2507. Active Norovirus Surveillance in Children under 5 years with Diarrhea following Rotavirus Vaccine Introduction in Argentina.
Session: Poster Abstract Session: Virology Potpourri
Saturday, October 6, 2018
Room: S Poster Hall
Posters
  • Poster 2507 IDweek 2018.pdf (781.6 kB)
  • Background: Acute diarrhea is one of the main causes of infant mortality. Argentina introduced massive rotavirus vaccination in 2015. This introduction in several countries, has changed the distribution of enteropathogens and has been described a decrease in the rotavirus prevalence at the expense of an increase in norovirus (NoV) activity. NoV is reported to be emerging as one of the main agents producing acute diarrhea in the community. In Argentina, there are few experiences estimating its prevalence in cases of acute diarrhea in children. The aim of this study is to analyze the role of NoV in outpatient children <5 years of age with acute diarrhea and their epidemiological pattern.

    Methods: Prospective, cross sectional study of outpatients <5 years attended for acute diarrhea in Children's Hospital "R. Gutiérrez" between June 2017 and March 2018. Active epidemiological surveillance was performed with a specific case reporting form. Stool samples were collected and tested for NoV (RT-qPCR), clinical and epidemiological data were recorded.

    Results: A total of 136 patients were included and 125 stools were processed. The median of age was 20 months (IQR:12-31) and 59% were male; the most common symptom was fever and vomits in 70% and 55%, respectively. A 55% had watery diarrhea and 43% mucohaemorrhagic diarrhea. The severity of the diarrhea (Vesikary Scale) was moderate 54% (n=73) and 97% of patients were normohydrated; Twenty four percent had a household member with diarrhea. Analizing vaccination history, 74% had received rotavirus vaccine, 89% of them with 2 doses. From 125 samples tested, 29% (n=36) were NoV positive and, comparing with the negative cases, were younger (19 vs 22 months; p<0.001) and were associated with higher prevalence of rotavirus vaccination (91% vs 65%; p=0.004). No statistically difference was found in gender, clinical presentation or severity.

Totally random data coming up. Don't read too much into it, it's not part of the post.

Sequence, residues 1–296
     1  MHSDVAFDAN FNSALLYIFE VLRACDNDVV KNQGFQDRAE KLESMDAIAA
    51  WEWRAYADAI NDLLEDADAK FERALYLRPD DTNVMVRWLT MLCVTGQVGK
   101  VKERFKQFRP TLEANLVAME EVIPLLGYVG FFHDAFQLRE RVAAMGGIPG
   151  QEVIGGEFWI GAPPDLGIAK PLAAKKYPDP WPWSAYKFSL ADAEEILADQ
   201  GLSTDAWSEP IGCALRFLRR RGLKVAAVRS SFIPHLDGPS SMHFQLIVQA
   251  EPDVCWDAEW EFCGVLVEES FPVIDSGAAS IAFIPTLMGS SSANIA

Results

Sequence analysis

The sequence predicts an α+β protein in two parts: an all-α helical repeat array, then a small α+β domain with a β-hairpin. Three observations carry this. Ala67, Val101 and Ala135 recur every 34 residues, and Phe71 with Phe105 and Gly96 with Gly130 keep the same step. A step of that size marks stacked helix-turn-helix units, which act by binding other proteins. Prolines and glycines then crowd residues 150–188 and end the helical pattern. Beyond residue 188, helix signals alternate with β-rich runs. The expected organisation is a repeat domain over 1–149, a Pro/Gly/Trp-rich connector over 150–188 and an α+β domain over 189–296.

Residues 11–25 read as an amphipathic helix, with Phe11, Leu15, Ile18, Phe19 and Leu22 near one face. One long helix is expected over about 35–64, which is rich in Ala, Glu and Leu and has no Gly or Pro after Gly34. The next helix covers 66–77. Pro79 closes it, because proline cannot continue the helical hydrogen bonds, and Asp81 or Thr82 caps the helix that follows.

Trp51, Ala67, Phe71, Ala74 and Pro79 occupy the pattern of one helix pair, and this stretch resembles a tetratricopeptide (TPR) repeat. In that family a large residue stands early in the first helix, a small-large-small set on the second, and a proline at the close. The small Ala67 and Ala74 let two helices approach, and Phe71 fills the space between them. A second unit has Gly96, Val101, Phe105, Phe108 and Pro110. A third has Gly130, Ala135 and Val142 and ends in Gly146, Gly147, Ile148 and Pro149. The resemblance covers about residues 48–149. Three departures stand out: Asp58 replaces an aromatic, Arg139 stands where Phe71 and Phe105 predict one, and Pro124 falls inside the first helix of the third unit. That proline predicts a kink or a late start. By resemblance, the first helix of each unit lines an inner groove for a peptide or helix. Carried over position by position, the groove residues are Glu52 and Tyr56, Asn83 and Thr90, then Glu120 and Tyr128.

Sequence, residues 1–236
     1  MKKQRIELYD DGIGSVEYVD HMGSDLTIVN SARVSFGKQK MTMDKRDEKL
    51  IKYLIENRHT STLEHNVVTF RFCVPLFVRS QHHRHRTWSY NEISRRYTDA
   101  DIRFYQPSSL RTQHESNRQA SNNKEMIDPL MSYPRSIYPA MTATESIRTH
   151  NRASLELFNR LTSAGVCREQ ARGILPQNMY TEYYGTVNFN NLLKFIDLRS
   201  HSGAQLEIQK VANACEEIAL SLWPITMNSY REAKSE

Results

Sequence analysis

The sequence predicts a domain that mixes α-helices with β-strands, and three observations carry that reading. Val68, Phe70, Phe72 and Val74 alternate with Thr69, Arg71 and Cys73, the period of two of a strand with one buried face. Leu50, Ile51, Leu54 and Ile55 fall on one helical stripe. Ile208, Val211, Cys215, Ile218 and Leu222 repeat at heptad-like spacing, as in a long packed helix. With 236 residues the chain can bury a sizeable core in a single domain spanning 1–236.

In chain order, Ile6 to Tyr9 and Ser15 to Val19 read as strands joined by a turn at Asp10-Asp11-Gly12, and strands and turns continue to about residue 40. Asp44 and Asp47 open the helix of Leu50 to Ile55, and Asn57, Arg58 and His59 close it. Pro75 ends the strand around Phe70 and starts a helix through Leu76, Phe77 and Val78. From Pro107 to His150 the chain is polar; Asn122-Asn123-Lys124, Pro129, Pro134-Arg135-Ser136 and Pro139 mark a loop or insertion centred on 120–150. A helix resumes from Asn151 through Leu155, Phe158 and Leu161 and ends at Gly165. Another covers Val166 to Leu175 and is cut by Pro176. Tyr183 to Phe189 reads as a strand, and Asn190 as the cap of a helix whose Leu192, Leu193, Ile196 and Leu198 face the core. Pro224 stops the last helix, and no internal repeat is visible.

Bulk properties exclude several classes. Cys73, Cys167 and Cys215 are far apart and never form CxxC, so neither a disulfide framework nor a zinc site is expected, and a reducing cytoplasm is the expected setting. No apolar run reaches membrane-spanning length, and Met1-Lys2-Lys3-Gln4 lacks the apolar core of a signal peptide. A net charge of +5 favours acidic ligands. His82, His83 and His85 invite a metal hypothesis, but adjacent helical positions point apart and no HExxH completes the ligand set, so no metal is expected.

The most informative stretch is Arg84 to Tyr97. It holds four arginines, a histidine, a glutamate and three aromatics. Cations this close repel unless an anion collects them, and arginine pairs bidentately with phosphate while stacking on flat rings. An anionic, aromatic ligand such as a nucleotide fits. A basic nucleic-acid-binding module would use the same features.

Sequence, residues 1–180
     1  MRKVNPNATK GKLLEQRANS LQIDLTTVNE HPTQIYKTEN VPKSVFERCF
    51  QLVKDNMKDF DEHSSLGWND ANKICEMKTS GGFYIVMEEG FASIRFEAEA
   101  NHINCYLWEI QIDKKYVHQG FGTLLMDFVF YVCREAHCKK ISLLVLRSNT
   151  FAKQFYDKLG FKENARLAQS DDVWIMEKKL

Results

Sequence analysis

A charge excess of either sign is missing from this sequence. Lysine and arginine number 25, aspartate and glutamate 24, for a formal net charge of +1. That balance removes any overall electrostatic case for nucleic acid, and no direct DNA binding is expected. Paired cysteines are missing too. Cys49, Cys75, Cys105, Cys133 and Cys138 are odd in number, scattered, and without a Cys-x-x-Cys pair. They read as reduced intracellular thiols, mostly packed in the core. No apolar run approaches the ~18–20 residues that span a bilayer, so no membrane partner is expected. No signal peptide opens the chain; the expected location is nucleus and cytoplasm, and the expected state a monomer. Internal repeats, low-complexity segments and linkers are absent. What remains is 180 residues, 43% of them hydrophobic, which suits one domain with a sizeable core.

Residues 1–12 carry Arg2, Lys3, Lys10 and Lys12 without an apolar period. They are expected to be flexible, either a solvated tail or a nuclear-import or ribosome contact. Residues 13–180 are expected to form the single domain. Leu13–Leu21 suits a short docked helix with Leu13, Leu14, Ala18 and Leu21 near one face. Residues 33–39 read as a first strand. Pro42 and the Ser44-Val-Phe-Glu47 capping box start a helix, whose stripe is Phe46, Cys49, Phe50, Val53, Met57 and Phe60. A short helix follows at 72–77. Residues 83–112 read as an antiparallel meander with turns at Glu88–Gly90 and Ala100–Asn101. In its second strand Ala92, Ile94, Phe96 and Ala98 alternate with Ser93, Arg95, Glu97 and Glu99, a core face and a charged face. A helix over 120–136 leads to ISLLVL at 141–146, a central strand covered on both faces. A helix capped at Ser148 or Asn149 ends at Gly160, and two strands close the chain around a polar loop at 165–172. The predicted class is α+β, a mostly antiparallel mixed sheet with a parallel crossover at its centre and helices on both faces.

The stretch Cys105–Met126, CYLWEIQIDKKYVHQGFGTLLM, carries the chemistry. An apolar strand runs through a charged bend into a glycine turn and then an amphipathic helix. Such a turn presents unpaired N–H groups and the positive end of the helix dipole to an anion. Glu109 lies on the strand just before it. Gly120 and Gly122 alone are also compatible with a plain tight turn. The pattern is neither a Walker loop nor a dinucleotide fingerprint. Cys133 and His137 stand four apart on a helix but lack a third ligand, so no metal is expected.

Conclusion: NoV was detected at high frequencies (29%) presenting moderate acute diarrhea, mainly in children that received rotavirus vaccine. Regarding sporadic acute diarrhea cases in children, it is important to consider the role of NoV as a frequent etiological agent. Further surveillance studies at larger populations are needed to elucidate the prevalence, clinical manifestations and risk factors associated with NoV diarrhea in children.

    Angela Gentile, MD1, Juan Andrés Stupka, Bioch. MSc2, Juan Ignacio Degiuseppe, Bioch. MPH2, Maria Del Valle Juarez, MD1, Maria Florencia Lucion, MD1, Marisa Turco, PhD3, Liliana Sabbaj, MD4, Solana Rapaport, MD1 and Maria Soledad Areso, MD1, (1)Epidemiology, Hospital de Niños "Ricardo Gutiérrez", Buenos Aires, Argentina, (2)Viral Gastroenteritis Laboratory, INEI-ANLIS “Dr. Carlos G. Malbran”, Buenos Aires, Argentina, (3)Bacteriology Laboratory, Hospital de Niños R. Gutiérrez, Buenos Aires, Argentina, (4)Outpatient Medicine Offices, Hospital de Niños "Ricardo Gutiérrez", Buenos Aires, Argentina

    Disclosures:

    A. Gentile, None

    J. A. Stupka, None

    J. I. Degiuseppe, None

    M. D. V. Juarez, None

    M. F. Lucion, None

    M. Turco, None

    L. Sabbaj, None

    S. Rapaport, None

    M. S. Areso, None

    See more of: Virology Potpourri
    See more of: Poster Abstract Session

    Findings in the abstracts are embargoed until 12:01 a.m. PDT, Wednesday Oct. 3rd with the exception of research findings presented at the IDWeek press conferences.